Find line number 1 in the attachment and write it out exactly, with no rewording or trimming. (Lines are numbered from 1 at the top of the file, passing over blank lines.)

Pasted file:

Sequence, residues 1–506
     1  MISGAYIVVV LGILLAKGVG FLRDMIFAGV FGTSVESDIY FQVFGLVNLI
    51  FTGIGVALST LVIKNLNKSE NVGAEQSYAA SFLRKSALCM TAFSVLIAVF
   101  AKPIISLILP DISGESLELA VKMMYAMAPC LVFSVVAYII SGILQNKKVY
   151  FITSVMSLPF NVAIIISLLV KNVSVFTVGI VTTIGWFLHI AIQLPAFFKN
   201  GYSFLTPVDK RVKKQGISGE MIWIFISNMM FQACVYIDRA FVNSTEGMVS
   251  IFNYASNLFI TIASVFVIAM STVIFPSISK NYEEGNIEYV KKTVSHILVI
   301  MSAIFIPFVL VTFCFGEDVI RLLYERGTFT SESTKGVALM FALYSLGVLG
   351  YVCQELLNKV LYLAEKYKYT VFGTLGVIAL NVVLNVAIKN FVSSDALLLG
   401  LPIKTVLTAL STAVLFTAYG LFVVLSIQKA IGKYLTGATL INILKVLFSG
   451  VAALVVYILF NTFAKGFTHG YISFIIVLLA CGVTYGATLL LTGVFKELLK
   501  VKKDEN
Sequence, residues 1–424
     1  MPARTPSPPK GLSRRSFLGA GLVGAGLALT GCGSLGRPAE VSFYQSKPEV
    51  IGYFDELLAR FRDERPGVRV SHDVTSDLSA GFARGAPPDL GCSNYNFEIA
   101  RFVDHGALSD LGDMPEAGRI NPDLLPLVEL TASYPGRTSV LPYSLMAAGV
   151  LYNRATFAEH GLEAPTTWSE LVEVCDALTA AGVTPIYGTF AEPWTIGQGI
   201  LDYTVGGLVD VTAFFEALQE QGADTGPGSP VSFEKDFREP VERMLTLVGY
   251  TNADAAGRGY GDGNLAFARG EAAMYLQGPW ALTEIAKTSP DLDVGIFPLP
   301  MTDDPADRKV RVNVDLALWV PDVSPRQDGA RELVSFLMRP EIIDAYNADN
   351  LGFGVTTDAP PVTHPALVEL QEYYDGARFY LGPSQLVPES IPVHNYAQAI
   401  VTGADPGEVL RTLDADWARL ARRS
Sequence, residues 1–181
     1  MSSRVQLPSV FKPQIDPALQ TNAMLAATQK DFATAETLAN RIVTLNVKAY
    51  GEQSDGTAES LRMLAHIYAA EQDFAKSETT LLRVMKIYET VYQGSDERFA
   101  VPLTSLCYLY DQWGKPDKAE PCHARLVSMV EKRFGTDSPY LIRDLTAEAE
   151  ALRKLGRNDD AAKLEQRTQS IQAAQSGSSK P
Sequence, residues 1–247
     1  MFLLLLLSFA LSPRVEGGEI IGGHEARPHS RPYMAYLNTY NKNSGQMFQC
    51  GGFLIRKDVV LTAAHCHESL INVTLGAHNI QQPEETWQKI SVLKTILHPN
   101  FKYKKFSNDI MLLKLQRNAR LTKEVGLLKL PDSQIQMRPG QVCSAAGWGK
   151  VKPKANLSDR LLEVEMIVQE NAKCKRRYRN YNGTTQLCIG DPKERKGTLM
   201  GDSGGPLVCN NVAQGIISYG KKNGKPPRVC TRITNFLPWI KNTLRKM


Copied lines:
Sequence, residues 1–506